• High blood sugar over a long period of time

  • High blood pressure

  • High cholesterol

  • Heart disease

  • Obesity

  • Family history of kidney disease

  • Black or African American, Hispanic or Latino, American Indian or Alaska Native, Asian American, or Native Hawaiian or Other Pacific Islander ancestry

Practice good diabetes self-management

Maintaining good glycemic control is a key part of preventing diabetes complications. Heart disease, CKD, eye disease, neuropathy and other complications are caused by damage to the blood vessels from high blood sugar levels, so it’s important to maximize your time in range.

The ABCDES of diabetes care are a simple way to remember how to prevent complications as well as maintain kidney health:

  • A1C targets – Manage your blood glucose levels and keep them in-range (70-180 mg/dl).

  • Blood pressure targets – Keep blood pressure at target range (aim for at or below 130/80 mm Hg).

  • Cholesterol targets – Reduce LDL-cholesterol and non-HDL-cholesterol.

  • Drugs for cardiovascular risk reduction – Ask your doctor about taking an SGLT-2 inhibitor or GLP-1 receptor agonist if you’re not already taking one.

  • Exercise – Exercise regularly and eat a healthy, balanced diet – Minimizing salt, eating smaller portions of protein, reducing carbohydrates, and opting for foods that are low in phosphorus and potassium are especially important.

  • Smoking cessation – Do not smoke (if you do smoke, talk to your healthcare professional about a plan to quit).

Seek out medications that protect the heart and kidneys

Today, people with type 2 diabetes have several medications available to reduce the risk of heart and kidney disease. SGLT-2 inhibitors – medications approved for type 2 diabetes and those without diabetes that includes Jardiance, Farxiga, Invokana, and Brenzavvy – have been shown to slow the progression of CKD while also protecting against heart failure. Kerendia (finerenone) has also been approved to slow the progression of CKD associated with type 2 diabetes. And GLP-1 receptor agonists, a class of medications approved for type 2 diabetes and obesity that includes semaglutide and tirzepatide, have been shown to lower uACR levels and benefit the heart.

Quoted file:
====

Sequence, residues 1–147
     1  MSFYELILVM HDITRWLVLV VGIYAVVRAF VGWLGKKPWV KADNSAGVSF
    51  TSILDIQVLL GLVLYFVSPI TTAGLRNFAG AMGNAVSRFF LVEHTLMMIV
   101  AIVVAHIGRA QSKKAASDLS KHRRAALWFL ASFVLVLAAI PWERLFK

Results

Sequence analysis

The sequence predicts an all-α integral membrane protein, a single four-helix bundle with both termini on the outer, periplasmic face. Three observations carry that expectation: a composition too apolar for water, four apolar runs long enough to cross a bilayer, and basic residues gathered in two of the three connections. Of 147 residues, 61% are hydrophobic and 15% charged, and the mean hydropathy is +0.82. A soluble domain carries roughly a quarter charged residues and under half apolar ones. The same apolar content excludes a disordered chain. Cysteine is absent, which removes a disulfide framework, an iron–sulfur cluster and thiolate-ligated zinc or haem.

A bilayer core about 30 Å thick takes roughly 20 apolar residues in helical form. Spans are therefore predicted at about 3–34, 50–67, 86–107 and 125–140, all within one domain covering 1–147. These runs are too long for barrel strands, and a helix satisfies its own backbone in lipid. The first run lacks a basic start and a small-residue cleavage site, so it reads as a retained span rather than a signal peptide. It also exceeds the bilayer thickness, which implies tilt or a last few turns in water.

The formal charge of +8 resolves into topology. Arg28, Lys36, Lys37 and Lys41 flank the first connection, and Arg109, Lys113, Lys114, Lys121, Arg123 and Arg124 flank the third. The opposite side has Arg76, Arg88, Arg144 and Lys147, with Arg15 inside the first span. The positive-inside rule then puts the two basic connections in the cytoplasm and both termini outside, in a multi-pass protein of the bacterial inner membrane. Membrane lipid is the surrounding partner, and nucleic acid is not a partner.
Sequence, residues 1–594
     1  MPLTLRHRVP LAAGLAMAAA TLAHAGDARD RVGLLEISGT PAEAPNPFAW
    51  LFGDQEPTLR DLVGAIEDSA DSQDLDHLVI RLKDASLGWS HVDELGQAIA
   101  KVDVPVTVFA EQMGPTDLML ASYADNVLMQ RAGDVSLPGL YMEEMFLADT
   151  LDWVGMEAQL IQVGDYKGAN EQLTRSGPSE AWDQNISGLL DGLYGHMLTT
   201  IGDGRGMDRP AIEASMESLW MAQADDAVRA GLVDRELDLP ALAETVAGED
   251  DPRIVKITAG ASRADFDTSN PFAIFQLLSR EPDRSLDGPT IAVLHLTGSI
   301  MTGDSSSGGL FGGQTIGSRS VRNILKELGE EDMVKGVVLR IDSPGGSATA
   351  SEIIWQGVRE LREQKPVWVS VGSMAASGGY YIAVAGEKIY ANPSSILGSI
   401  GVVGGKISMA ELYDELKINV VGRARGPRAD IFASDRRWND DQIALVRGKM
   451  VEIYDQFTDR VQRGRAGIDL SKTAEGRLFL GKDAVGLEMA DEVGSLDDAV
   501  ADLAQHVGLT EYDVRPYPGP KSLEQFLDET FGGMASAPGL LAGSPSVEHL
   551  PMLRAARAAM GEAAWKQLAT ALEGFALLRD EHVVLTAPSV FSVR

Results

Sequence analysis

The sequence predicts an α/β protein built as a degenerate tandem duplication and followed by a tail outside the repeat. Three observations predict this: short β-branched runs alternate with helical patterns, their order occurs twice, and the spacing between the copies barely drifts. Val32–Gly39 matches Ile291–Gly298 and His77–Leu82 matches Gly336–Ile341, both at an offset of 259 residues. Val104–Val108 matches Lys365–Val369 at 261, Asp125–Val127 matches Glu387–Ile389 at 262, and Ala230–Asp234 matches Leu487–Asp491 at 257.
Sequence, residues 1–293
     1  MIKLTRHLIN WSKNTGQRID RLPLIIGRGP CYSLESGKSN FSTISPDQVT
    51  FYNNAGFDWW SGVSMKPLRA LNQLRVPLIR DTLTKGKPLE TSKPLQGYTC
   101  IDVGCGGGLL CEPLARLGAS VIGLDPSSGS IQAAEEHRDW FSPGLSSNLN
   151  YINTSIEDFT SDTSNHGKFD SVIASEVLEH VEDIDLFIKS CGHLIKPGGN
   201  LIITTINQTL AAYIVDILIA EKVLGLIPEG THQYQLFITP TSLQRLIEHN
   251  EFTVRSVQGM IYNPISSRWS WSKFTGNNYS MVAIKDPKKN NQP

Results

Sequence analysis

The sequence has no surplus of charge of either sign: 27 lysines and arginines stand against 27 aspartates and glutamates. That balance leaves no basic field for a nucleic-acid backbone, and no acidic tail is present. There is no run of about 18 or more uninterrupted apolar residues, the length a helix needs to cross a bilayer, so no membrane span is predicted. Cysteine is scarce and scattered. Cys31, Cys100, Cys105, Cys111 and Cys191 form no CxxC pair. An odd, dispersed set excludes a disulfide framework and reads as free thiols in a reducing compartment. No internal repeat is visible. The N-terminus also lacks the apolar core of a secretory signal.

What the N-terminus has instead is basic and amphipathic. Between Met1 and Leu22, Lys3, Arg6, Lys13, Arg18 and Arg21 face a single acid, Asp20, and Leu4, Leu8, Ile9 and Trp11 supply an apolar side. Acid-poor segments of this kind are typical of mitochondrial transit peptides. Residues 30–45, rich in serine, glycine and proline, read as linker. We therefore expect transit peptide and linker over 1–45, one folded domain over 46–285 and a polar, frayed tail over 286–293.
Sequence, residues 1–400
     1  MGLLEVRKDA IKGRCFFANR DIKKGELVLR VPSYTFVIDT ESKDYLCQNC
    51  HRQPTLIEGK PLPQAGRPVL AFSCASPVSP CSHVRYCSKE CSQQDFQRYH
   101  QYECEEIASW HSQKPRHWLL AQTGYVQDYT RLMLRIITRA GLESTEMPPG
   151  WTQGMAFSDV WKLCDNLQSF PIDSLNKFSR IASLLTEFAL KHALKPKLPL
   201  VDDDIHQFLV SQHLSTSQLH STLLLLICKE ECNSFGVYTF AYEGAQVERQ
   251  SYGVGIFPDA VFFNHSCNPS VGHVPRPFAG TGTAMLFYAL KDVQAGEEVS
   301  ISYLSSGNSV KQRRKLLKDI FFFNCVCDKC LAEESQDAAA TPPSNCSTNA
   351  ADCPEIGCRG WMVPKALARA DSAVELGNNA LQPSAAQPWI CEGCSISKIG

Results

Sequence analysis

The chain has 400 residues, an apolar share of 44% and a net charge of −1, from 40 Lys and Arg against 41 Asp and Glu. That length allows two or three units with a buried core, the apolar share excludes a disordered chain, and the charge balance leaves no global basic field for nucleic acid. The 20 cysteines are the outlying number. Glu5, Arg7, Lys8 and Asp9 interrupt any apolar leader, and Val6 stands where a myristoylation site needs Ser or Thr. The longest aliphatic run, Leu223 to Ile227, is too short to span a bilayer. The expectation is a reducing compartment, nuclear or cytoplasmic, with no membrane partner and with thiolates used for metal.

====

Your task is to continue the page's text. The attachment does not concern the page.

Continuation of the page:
While these medications have yet to be approved for people with type 1 diabetes, researchers are investigating treatment options for this population. The FINE-ONE trial, slated to begin in 2024, will investigate Kerendia in people with type 1 diabetes. Another study is currently recruiting participants with CKD due to type 1 or type 2 diabetes and will test an investigational medication, INV-202, which is designed to improve regulation in the kidney, liver, and pancreas.

For more on kidney health and diabetes, read:

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About the authors

April Hopcroft joined diaTribe in 2023 as a Staff Writer after co-leading the Diabetes Therapy team at Close Concerns. She graduated from Smith College in 2021, where she majored in... Read the full bio »